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How has Janus v. AFSCME affected First Amendment rights for public workers five years later?

Today marks the 5th year anniversary of the U.S. Supreme Court’s Janus v. AFSCME ruling, issued on June 27, 2018. AFP wishes Mark Janus and all public sector workers a Happy #Janusversary.

The Court’s decision reaffirmed the free speech rights of all public employees to freely decide whether to join and financially support government unions as part of their federal, state, and local government jobs around the nation.

Five years later, over 1.2 million fewer public employees are members of unions and are no longer forced to give union leaders part of their hard-earned paychecks just to hold education, public safety, and other public jobs.

That is a more than 22% decline in union members, a clear indication that workers are benefitting from being empowered to exercise their constitutional Janus rights.

Why does Janus matter?

AFP volunteers awaiting SCOTUS decision regarding Janus v. AFSCME.

February, 2018, Washington, D.C.: AFP volunteers gather to support Mark Janus while the Supreme Court hears arguments in Janus v. AFSCME.

Janus overruled 1977’s Abood v. Detroit Board of Education, which allowed government workers to only opt-out of a narrow portion of union dues directly linked to political spending while still requiring employees to pay significant union agency fees as a condition of employment.

The Janus majority opinion found that agency-shop agreements also violate the First Amendment rights of nonmembers by forcing them to “subsidize private speech on matters of substantial public concern.”

The Court clarified that “extraction of agency fees from nonconsenting public sector employees violates the First Amendment,” and that “neither an agency fee nor any other payment to the union may be deducted from a nonmember’s wages, nor may any other attempt be made to collect such a payment, unless the employee affirmatively consents to pay. By agreeing to pay, nonmembers are waiving their First Amendment rights, and such a waiver cannot be presumed.”

While 26 states are Right to Work states and allow government and private sector workers the choice to join or pay a union, the Janus ruling expanded these rights to all government workers that previously could be fired for not paying dues or fees to a union.

Now, federal, state, and local governments have a constitutional duty to protect the choice of their workers. This includes more than recognizing the freedom to opt out of union payments. Every worker deserves to be educated about their rights, the ability to exercise those rights without restriction, and the requirement of consent to ensure they are a willing contributor to the union.

How is Janus being applied on the state level?

AFP Vice President Akash Chougule address AFP volunteers gathered at the Supreme Court to support Mark Janus in Janus v. AFSCME.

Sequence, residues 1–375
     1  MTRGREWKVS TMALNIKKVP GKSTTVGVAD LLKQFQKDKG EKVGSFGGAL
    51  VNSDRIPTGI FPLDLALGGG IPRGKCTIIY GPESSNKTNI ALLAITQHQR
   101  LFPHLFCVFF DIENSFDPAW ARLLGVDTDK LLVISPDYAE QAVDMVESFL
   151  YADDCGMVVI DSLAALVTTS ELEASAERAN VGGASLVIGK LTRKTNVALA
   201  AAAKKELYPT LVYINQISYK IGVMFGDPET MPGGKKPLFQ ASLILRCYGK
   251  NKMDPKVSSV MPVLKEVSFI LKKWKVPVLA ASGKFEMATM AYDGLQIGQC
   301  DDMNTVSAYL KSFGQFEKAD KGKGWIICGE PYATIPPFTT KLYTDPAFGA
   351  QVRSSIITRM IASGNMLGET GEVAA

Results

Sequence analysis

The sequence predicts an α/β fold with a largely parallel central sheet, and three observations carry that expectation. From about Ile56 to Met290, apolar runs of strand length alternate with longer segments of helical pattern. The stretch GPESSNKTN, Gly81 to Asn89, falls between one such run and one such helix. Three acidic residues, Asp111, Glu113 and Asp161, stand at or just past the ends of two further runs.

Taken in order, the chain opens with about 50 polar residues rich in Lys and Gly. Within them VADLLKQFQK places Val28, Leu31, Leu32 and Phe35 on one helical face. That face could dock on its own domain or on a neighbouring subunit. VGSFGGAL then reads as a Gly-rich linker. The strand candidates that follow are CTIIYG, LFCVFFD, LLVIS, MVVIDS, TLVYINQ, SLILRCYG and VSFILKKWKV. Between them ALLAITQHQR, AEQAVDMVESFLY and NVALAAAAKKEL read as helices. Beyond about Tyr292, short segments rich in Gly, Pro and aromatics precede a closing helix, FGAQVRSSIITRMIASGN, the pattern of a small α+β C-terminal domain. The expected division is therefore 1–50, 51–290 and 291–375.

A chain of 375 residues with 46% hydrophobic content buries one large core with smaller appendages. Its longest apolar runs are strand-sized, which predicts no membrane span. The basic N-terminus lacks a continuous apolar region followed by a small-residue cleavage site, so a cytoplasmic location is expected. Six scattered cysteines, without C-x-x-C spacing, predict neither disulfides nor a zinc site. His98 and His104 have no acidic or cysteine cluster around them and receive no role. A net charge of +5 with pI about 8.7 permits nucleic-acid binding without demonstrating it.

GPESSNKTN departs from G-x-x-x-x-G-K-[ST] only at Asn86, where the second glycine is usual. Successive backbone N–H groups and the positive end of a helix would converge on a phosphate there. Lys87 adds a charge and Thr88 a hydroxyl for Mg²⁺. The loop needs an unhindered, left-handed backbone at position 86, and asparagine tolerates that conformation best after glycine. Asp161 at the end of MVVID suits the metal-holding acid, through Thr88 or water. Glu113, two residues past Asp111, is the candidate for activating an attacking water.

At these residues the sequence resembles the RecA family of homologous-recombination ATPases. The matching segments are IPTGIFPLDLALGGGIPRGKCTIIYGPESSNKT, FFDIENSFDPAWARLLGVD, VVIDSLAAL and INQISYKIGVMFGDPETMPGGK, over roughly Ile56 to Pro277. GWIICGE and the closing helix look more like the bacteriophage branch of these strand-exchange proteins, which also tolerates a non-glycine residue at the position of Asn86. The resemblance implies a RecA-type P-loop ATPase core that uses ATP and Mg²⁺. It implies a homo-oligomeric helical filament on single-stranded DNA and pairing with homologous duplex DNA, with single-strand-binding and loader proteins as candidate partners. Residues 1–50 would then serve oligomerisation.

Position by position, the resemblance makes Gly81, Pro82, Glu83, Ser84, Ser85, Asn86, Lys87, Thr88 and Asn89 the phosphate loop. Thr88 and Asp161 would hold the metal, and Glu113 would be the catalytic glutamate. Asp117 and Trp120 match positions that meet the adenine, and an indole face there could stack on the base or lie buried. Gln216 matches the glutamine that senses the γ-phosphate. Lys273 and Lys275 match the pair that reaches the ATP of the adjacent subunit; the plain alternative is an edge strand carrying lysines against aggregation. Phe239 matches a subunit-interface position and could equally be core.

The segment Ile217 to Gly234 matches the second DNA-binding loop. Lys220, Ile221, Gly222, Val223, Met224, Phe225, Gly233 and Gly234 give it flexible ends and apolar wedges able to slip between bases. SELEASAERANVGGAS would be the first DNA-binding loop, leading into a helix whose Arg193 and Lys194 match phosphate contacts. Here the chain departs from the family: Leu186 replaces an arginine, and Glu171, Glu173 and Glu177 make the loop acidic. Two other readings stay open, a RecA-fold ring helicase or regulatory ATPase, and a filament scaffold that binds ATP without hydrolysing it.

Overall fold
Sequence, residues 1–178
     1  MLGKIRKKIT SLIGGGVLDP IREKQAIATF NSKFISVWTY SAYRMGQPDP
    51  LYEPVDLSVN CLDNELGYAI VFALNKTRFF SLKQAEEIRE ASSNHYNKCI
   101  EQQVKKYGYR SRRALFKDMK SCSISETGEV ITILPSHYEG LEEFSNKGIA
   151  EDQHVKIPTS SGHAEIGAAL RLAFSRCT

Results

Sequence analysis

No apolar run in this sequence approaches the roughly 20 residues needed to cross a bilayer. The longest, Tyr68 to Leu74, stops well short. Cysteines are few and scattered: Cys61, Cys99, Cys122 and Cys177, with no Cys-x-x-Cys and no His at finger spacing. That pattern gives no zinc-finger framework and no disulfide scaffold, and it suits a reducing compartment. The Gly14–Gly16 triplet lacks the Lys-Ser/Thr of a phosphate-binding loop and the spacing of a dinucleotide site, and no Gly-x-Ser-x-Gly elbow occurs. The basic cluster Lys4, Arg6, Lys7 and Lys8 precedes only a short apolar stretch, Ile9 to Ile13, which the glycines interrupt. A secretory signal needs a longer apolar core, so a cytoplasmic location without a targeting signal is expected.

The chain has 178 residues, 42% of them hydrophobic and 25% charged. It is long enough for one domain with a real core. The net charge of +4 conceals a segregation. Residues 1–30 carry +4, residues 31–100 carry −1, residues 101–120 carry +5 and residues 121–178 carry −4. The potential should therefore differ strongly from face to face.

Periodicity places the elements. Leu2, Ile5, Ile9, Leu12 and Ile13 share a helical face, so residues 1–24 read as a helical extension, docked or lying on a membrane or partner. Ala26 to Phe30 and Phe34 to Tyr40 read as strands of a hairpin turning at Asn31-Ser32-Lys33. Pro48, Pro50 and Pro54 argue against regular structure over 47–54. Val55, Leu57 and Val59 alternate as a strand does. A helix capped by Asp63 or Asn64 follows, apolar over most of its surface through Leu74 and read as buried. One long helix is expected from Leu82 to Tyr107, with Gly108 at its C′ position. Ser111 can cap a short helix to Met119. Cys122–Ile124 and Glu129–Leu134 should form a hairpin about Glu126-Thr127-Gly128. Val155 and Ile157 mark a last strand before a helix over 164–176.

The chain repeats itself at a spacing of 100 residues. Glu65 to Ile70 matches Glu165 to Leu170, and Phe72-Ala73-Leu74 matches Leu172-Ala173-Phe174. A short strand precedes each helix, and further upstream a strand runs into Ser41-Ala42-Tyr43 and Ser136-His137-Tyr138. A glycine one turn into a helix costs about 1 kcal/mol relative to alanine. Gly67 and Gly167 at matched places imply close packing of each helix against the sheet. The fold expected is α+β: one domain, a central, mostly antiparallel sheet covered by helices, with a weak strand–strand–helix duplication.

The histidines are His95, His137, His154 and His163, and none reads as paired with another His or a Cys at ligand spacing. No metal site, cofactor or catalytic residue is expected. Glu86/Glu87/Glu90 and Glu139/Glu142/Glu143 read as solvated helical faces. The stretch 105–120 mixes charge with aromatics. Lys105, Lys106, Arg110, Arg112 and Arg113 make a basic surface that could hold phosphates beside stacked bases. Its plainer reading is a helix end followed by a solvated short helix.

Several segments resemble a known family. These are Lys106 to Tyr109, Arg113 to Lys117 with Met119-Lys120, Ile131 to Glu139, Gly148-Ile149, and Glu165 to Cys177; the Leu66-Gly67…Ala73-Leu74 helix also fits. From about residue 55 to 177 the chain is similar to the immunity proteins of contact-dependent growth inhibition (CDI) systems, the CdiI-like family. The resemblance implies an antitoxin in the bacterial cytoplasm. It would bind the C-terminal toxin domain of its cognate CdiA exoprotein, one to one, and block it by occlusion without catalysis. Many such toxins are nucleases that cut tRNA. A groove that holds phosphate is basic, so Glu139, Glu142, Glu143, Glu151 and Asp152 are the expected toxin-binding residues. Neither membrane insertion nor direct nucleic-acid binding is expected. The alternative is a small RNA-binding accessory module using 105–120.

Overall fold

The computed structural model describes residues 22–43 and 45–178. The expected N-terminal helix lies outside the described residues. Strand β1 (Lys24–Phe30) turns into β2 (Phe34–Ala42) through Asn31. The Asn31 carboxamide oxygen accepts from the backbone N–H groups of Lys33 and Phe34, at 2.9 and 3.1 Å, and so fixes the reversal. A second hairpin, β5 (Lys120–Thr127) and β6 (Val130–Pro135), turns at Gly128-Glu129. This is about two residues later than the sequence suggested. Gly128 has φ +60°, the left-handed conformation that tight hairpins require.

February 2018, Washington, D.C. : AFP Vice President Akash Chougule address volunteers gathered to support Mark Janus while the Supreme Court heard arguments in Janus v. AFSCME.

Even though public employees are now guaranteed the constitutional right of freedom of association to voluntarily support, or refrain from supporting, a union at their workplace, many states should do more to help workers fully realize their rights. Some states have even taken action to undermine Janus Rights.

Just over a year after the Janus ruling, New Mexico banned employees from leaving their union outside of a maximum 10 day window each year, while also preventing workers from ending government union dues deductions from their paychecks. Only union leadership is permitted to handle that activity. Other states have followed suit with many allowing union bargaining contracts to circumvent worker rights.

Furthermore, a number of courts have refrained from fully backing Janus rights in evaluating new government laws and actions.

In May 2023, the Alaska Supreme Court rejected actions by Governor Mike Dunleavy to require public employee consent before union dues were taken from their paychecks — a ruling that may be petitioned to the U.S. Supreme Court.

Thankfully, other states are taking steps to protect workers’ rights, including:

  • Michigan’s Civil Service Commission enacted a rule in 2020 to enforce Janus rights.
  • Indiana enacted a Janus rights law in 2021 that was further bolstered in 2022.
  • In 2023, Florida enacted major public sector reforms that, among other things, ensures public employees fully consent to union membership and dues before unions attempt to charge them for part of their paychecks.
Volunteers gather outside the Supreme Court in support of Mark Janus and Janus v. AFSCME.

February, 2018, Washington, D.C.: A crowd gathers in support of Mark Janus as the Supreme Court hears arguments in Janus v. AFSCME.

As Americans for Prosperity and workers around the nation celebrate the fifth #Janusversary, we ask leaders to ensure that their governments fully honor the rights of employee choice when it comes to union representation.